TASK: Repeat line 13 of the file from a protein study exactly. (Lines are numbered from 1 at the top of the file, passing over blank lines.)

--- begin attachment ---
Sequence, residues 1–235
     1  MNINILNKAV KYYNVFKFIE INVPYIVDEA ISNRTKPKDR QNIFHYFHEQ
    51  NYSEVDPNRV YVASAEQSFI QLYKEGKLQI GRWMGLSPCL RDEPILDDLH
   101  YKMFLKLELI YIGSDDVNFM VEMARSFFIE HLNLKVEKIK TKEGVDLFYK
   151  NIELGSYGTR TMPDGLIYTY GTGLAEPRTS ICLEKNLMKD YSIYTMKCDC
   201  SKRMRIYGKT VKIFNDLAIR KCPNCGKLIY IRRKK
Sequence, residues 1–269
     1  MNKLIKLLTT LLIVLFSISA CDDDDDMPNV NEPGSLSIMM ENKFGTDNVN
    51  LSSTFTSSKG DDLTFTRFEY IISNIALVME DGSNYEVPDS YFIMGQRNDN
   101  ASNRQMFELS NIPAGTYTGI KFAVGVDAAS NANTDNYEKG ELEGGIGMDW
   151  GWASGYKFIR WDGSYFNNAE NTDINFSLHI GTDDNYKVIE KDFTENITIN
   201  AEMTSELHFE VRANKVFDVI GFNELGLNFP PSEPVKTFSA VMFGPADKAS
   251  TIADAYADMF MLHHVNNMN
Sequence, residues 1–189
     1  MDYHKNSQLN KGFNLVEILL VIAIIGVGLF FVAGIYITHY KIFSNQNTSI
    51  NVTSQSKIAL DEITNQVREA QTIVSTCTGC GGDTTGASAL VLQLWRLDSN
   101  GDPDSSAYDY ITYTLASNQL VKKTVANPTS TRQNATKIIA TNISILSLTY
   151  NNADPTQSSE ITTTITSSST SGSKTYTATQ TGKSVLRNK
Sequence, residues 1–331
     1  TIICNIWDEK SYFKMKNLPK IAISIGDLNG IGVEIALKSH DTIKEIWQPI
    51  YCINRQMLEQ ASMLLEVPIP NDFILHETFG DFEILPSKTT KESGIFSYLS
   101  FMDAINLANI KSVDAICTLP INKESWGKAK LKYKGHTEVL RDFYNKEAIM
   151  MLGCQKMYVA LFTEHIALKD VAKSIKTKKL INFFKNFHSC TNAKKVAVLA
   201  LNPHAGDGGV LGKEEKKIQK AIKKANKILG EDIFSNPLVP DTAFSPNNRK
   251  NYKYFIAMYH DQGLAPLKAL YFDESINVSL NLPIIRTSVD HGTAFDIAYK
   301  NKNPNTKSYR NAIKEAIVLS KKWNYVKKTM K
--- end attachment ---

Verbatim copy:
   251  TIADAYADMF MLHHVNNMN